In recent years, it has become increasingly commonplace for commercial parties involved in complex commercial transactions to include an arbitration clause as their chosen dispute resolution mechanism within the terms of the contract. Indeed, arbitration now seems to be commercial parties' first choice for dispute resolution in view of obvious benefits such as the clear policy of finality of arbitral awards, as well as confidentiality of arbitral proceedings.
In adopting the arbitral rules to govern the arbitration proceedings between parties, the arbitration clause (which in essence constitutes the arbitration agreement between the parties) typically provides that arbitral proceedings are to be governed by the arbitral rules of particular institutions. This commonly includes the adoption of International Chamber of Commerce (ICC) Rules, or Singapore International Arbitration Centre (SIAC) Rules. Yet, parties may not immediately be cognisant that in entering into such an arbitration agreement that adopts the said institutional rules, they may well be taken to have waived their right to appeal on questions of law insofar as domestic arbitrations are concerned.
The waiver of the right to appeal on questions of law
Article 35(6) of the 2017 ICC Rules (in force from 1 March 2017) states:
"Every award shall be binding on the parties. By submitting the dispute to arbitration under the Rules, the parties undertake to carry out any award without delay and shall be deemed to have waived their right to any form of recourse insofar as such waiver can validly be made."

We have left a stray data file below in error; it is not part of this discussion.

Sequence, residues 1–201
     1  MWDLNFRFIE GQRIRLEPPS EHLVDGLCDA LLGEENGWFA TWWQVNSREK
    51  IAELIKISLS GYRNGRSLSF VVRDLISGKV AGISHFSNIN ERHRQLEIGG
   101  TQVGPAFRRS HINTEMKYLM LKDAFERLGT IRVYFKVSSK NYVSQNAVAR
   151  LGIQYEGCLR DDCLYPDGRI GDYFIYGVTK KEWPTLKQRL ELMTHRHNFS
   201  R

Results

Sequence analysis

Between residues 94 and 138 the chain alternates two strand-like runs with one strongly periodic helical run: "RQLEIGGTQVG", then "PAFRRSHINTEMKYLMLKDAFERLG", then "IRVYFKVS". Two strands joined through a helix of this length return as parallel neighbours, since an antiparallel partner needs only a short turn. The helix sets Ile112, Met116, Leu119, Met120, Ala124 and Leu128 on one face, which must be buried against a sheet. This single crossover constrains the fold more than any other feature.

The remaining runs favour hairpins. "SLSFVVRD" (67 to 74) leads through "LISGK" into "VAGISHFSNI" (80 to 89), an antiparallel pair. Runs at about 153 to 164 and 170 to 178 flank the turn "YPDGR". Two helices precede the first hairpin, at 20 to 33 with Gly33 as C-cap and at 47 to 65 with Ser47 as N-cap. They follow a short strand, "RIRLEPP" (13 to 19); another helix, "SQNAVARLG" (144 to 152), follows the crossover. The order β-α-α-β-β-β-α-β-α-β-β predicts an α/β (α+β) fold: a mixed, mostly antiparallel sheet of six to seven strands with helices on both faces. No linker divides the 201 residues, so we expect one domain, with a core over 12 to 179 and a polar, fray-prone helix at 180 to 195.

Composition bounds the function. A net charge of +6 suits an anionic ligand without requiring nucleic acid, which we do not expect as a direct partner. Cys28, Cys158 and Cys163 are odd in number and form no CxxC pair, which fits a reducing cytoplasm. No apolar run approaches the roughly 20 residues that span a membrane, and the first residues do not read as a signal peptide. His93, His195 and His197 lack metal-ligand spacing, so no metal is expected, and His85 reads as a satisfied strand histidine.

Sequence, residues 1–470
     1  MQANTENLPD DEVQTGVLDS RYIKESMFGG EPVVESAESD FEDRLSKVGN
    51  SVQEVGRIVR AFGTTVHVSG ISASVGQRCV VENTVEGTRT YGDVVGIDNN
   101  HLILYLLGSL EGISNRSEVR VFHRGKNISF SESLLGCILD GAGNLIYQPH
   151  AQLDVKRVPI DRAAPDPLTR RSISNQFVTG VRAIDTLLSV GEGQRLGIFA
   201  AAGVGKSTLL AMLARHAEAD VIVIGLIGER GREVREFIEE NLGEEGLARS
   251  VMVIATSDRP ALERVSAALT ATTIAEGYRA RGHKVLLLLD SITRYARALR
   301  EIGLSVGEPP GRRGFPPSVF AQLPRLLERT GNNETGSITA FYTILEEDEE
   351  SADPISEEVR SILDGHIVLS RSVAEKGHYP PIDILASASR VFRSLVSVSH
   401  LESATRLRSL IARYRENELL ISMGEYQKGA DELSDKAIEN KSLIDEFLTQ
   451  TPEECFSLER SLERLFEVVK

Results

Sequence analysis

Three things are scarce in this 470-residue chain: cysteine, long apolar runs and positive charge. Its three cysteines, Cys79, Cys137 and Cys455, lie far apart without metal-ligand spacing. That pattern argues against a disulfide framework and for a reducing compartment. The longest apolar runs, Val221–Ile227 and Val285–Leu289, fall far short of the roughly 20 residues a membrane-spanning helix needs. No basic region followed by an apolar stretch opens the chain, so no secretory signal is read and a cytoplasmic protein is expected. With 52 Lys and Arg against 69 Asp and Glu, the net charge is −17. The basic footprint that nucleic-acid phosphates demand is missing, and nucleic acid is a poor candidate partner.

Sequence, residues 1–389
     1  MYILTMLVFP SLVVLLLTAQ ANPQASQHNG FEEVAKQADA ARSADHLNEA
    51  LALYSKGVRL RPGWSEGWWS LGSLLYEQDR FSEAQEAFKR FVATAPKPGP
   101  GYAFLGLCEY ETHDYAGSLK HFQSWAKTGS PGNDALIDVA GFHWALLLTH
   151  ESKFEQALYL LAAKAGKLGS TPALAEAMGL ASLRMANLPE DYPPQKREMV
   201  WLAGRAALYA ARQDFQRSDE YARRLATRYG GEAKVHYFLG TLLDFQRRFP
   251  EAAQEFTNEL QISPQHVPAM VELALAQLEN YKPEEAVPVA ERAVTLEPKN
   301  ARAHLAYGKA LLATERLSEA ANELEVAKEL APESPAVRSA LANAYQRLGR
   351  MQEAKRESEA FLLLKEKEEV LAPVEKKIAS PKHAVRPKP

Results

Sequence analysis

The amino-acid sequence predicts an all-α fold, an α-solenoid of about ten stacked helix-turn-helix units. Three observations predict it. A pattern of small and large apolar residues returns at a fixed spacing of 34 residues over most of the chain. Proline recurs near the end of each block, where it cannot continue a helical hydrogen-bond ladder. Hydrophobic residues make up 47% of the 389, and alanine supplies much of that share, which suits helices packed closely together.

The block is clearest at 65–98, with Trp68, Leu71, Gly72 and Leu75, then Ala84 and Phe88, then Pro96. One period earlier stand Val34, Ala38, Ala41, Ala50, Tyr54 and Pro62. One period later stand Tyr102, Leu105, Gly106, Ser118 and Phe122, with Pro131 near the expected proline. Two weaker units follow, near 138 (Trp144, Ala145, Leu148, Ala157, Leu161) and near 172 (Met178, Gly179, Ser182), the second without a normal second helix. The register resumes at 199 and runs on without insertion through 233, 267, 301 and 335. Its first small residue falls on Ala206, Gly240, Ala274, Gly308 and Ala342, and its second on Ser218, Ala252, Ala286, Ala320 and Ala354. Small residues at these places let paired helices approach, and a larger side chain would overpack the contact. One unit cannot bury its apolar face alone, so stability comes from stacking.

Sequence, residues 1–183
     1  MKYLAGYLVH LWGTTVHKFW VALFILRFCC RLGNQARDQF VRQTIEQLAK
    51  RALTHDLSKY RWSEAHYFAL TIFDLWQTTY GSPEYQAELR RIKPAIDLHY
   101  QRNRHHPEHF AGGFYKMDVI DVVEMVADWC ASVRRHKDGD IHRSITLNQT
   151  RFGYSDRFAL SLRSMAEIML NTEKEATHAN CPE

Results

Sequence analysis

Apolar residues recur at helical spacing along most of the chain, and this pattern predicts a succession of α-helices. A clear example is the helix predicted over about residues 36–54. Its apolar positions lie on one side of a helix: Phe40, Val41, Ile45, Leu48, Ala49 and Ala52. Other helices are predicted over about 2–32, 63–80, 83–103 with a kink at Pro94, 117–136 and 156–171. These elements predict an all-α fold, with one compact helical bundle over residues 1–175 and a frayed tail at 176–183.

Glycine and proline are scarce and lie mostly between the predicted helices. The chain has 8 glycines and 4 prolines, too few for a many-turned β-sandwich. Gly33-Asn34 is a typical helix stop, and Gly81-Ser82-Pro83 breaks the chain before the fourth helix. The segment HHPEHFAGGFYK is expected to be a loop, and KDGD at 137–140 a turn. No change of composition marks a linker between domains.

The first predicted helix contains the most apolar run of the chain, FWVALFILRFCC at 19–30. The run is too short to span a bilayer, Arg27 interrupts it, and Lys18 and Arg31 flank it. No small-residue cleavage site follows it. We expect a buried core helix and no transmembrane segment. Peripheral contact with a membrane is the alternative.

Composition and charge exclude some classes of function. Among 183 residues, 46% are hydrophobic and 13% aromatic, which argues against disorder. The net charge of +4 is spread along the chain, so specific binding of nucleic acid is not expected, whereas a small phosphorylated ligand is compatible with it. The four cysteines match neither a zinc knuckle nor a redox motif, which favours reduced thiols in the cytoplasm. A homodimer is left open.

In similar vein, Rule 28.9 of the 2013 SIAC Rules states:
"... by agreeing to arbitration under these Rules, the parties undertake to carry out the award immediately and without delay, and they also irrevocably waive their rights to any form of appeal, review or recourse to any state court or other judicial authority insofar as such waiver may be validly made and the parties further agree that an award shall be final and binding on the parties from the date it is made."
While at first blush, the provisions may not seem controversial, parties may not immediately recognise the true significance of the provisions. The transaction document typically makes reference to the institutional rules as a whole, and the issue of whether and how Article 35(6) of the ICC Rules or Rule 28.9 of the SIAC Rules operate to exclude a right to appeal may come to light only when there is a dispute that has gone to arbitration, and when the dissatisfied party seeks recourse against the award.
The provisions operate to exclude, in particular, recourse against an award in the form of an appeal to the High Court on questions of law pursuant to section 49 of the Arbitration Act (Cap 143A). Section 49(1) of the Arbitration Act provides:
"A party to arbitral proceedings may (upon notice to the other parties and to the arbitral tribunal) appeal to the Court on a question of law arising out of an award made in the proceedings."
Of particular importance is section 49(2) which provides that parties may agree to exclude the jurisdiction of the Court under this section: